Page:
When Bora spoke, it was as if he had been gagged the entire time the volume was off, for he immediately took a deep breath of air and his eyes bugged out like a stress toy’s. “At the risk of being muted again,” he said in an exasperated tone, “may I make an observation?”
“You may,” said Rob.
“Your instruments,” said Bora, “are indisposed.”
“No, we just got them back,” Joe corrected.
“And those new Effects?”
“We were just about to check them.”
Joe and Rob then proceeded to withdraw their jPhones from their pockets and locate their spacesaver apps. The other members of Tally Hall held back for the time being, because Joe and Rob both had guitars, and everyone knows that the world revolves around guitar players.
Joe braced himself for the weight on his shoulder as his Stratocaster materialized, already strapped. Rob, however, preferred to grip his Les Paul by the neck as it reformed, and he then put the strap over his shoulder manually. This time a few other things also appeared with the instruments. At their feet, both had a metal board with pedals, knobs, and other shiny things on it. These were called pedal boards, because pedals-knobs-and-other-shiny-things boards didn’t exactly roll off the tongue.
By their sides, both had a square screen suspended in mid-air next to them. Looking at the side of these screens, one would see they were completely flat, and yet from the front they appeared to have what looked like a hotplate stuck inside them. These screens, however, did not serve microwavable pizza, but they received sound from little magnets called pick-ups, added current to the signal to greatly increase volume, and then played said signal out of a loudspeaker.
These were called amps. A simple name for a simple device.
With one final piece of equipment left, Joe and Rob brandished them — their trusty guitar picks — from their pockets. They looked at each other; the others looked at them; and Andrew looked at the Deaf Flyer model he was clenching in his hands.
“After you,” said Rob.
Joe nodded and positioned his foot over one of the pedals. Placing his fingers on the proper frets, he strummed his guitar, and a Sound Wave emerged from the amp, a transparent mass making ripples in the air like smoke from a fire. The Sound Wave, ironically, made a sound — the deep, rich tone of an E chord.
Joe then began tapping the pedal with his foot, and the Sound Wave undulated like rolling hills. The sound of the chord changed along with the motion of the Wave, now sounding uncannily like an obese toddler trying (and failing) to pronounce “water” over and over and over. Despite that somewhat disturbing description, the sound was not unpleasant.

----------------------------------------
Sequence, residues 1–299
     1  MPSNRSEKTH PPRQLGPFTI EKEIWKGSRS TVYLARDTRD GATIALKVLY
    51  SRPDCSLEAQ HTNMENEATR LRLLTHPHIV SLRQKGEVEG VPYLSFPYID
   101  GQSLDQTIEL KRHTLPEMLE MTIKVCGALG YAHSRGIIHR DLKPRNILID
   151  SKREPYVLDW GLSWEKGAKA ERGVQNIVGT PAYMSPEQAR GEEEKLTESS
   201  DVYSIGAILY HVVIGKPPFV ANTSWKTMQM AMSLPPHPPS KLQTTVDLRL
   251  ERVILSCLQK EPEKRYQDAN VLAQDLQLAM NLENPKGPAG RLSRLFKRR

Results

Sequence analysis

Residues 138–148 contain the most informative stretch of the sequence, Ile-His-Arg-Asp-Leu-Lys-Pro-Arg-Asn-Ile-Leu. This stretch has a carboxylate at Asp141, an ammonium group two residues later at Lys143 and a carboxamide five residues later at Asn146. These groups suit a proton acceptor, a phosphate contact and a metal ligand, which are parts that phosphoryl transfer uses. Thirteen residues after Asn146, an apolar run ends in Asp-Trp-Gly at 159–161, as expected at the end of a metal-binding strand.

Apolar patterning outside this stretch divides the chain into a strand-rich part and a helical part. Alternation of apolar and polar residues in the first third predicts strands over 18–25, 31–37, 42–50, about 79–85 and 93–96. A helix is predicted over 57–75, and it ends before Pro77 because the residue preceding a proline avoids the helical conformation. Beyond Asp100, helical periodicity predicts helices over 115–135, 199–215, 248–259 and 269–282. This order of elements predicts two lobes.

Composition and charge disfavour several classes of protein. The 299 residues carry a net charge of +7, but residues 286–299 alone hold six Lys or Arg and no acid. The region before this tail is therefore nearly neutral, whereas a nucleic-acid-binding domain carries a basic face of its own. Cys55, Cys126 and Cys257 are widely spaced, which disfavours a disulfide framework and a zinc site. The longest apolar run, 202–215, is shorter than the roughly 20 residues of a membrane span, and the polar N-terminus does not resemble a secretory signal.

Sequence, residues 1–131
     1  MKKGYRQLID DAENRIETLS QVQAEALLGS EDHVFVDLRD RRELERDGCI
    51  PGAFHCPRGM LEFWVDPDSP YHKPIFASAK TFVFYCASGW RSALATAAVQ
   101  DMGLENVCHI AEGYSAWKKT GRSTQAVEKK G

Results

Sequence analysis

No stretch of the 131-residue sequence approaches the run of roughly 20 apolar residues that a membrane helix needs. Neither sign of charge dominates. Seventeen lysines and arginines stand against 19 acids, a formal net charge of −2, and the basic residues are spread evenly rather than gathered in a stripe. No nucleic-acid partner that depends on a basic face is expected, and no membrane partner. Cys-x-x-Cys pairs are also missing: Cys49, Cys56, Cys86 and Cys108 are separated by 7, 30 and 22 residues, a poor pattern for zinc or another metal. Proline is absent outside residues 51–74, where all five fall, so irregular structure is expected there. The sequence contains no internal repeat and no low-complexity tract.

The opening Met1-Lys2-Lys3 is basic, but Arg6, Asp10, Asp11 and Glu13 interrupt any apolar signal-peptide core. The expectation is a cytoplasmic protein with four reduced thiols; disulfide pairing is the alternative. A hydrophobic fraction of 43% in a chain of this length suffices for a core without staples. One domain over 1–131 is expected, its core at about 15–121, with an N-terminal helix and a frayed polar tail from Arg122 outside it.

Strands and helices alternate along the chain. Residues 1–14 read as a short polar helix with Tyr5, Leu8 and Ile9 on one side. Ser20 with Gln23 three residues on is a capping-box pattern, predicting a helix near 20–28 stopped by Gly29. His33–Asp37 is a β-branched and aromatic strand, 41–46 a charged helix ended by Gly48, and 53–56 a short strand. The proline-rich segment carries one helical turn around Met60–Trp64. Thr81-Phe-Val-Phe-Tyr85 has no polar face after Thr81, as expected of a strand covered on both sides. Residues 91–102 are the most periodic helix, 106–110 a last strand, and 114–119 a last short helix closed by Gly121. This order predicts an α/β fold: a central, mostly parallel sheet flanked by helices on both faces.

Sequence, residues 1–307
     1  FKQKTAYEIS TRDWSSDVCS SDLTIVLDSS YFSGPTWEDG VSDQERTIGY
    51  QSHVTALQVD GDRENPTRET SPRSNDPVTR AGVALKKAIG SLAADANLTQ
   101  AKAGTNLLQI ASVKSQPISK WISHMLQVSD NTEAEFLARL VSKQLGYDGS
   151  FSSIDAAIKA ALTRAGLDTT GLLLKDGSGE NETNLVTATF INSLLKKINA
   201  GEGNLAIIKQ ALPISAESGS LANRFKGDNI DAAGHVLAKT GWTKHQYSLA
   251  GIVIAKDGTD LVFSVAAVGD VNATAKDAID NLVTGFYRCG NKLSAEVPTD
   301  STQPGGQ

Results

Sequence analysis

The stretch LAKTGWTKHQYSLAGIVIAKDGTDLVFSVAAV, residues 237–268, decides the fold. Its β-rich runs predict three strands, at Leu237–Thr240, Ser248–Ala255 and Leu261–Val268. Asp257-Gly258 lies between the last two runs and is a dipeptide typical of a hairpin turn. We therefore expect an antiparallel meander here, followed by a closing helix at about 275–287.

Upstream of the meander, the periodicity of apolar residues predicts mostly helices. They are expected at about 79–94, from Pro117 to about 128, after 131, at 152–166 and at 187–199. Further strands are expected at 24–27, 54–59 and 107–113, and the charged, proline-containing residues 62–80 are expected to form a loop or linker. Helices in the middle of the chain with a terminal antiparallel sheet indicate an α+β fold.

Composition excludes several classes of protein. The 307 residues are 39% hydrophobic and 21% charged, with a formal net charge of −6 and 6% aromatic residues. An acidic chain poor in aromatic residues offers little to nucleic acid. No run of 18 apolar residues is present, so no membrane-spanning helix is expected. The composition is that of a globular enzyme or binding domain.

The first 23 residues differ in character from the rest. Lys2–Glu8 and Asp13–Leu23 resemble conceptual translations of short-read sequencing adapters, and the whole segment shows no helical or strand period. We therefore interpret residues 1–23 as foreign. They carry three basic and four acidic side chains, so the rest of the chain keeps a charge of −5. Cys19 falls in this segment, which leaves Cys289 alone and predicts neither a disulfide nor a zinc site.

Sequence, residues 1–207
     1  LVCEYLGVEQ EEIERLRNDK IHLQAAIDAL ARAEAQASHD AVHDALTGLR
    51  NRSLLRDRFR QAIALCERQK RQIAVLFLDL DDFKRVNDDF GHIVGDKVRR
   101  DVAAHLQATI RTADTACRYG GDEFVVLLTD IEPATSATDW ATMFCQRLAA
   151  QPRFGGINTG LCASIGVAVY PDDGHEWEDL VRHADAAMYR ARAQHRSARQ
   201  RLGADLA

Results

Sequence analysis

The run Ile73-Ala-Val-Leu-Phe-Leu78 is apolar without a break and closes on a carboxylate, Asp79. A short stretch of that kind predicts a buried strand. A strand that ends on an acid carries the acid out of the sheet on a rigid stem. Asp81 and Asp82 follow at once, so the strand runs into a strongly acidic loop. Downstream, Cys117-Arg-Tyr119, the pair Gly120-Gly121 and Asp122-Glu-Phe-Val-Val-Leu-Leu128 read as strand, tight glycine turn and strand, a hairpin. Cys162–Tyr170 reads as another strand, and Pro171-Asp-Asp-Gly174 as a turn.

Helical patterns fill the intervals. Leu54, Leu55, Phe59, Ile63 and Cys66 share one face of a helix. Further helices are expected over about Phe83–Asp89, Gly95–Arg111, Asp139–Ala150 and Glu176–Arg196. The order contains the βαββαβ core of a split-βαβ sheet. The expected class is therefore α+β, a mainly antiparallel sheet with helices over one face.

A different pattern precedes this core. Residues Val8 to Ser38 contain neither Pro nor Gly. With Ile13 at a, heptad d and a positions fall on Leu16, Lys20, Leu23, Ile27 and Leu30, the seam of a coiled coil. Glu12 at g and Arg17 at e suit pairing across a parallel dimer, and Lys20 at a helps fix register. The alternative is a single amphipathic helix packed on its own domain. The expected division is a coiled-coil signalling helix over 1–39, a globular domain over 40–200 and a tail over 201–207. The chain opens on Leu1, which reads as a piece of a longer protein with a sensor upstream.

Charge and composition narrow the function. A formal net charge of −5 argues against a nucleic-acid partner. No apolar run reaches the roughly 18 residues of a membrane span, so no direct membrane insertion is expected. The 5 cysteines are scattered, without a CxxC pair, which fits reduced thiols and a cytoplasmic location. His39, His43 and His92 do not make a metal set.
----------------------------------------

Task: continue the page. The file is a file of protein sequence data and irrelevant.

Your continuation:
The Sound Wave faded away just before colliding with one of the monitor screens. When Rob conjured Sound up, however, it not only collided with a monitor screen, but also the keyboard, the ceiling, and Bora’s hologram. He hadn’t stepped on his pedal board so much as stomped on it, and the resulting Sound Wave had blasted around the room like sparklers on crack.
“Oops,” Rob muttered as the fireworks of his guitar’s Wave dispersed.
“Oops indeed!” Bora exclaimed. Some bits of Sound that nicked his hologram were still fading away into the depths of his apartment, not revealed on the projector. He walked around the keyboard and snatched something in the air. When his hand made contact with the object, the holographic system revealed the orange tie he was grabbing from a shelf in his room.
“I’m gonna get my stuff ready while you finish testing your instruments.” He picked some lint off his tie. “Don’t you guys just love all this traveling we do without sleep? I do. I like to pretend I’m the vessel of an ancient power when my hands shake from all the coffee I drink.”
“Whatever, just don’t take a plane to get here,” said Zubin.
“You could use a little more coffee, Zube.” Bora began reaching for his jPhone to switch it off. “I’ll see you guys in a bit. And Andrew…”
Andrew looked up from the figurine in his hands.
“Next time, don’t eat right before teleporting. I may very well wind up using the port that you threw up in.”
Before Andrew could again respond in an unimpressed manner, Bora vanished, leaving them all with feelings of bewilderment and slight indigestion.